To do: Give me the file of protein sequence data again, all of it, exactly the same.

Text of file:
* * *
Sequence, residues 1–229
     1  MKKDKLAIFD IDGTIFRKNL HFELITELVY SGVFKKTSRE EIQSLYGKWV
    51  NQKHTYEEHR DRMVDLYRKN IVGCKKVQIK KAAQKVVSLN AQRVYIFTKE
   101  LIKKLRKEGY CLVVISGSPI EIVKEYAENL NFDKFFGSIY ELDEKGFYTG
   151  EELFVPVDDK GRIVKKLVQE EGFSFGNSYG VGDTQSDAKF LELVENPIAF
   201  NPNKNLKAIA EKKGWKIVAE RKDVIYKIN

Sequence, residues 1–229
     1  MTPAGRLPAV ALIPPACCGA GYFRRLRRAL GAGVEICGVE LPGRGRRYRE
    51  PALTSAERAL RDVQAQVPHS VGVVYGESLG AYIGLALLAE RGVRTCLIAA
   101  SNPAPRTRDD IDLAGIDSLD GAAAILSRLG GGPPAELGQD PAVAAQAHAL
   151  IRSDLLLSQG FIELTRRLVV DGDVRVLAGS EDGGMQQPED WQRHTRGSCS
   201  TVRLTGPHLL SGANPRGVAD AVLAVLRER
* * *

Sequence, residues 1–229
     1  MKKDKLAIFD IDGTIFRKNL HFELITELVY SGVFKKTSRE EIQSLYGKWV
    51  NQKHTYEEHR DRMVDLYRKN IVGCKKVQIK KAAQKVVSLN AQRVYIFTKE
   101  LIKKLRKEGY CLVVISGSPI EIVKEYAENL NFDKFFGSIY ELDEKGFYTG
   151  EELFVPVDDK GRIVKKLVQE EGFSFGNSYG VGDTQSDAKF LELVENPIAF
   201  NPNKNLKAIA EKKGWKIVAE RKDVIYKIN

Sequence, residues 1–229
     1  MTPAGRLPAV ALIPPACCGA GYFRRLRRAL GAGVEICGVE LPGRGRRYRE
    51  PALTSAERAL RDVQAQVPHS VGVVYGESLG AYIGLALLAE RGVRTCLIAA
   101  SNPAPRTRDD IDLAGIDSLD GAAAILSRLG GGPPAELGQD PAVAAQAHAL
   151  IRSDLLLSQG FIELTRRLVV DGDVRVLAGS EDGGMQQPED WQRHTRGSCS
   201  TVRLTGPHLL SGANPRGVAD AVLAVLRER